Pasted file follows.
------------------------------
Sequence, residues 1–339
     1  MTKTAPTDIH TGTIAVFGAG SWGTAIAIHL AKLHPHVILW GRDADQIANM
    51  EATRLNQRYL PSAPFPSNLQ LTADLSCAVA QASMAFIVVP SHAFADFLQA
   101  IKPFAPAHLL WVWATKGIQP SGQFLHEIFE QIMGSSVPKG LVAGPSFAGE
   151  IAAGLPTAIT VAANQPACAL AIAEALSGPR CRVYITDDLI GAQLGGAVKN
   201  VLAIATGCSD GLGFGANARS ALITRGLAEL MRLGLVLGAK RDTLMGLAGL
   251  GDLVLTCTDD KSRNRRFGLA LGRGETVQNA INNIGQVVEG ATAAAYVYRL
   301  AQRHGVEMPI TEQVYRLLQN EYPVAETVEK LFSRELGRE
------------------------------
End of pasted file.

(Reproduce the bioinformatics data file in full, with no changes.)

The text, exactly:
Sequence, residues 1–339
     1  MTKTAPTDIH TGTIAVFGAG SWGTAIAIHL AKLHPHVILW GRDADQIANM
    51  EATRLNQRYL PSAPFPSNLQ LTADLSCAVA QASMAFIVVP SHAFADFLQA
   101  IKPFAPAHLL WVWATKGIQP SGQFLHEIFE QIMGSSVPKG LVAGPSFAGE
   151  IAAGLPTAIT VAANQPACAL AIAEALSGPR CRVYITDDLI GAQLGGAVKN
   201  VLAIATGCSD GLGFGANARS ALITRGLAEL MRLGLVLGAK RDTLMGLAGL
   251  GDLVLTCTDD KSRNRRFGLA LGRGETVQNA INNIGQVVEG ATAAAYVYRL
   301  AQRHGVEMPI TEQVYRLLQN EYPVAETVEK LFSRELGRE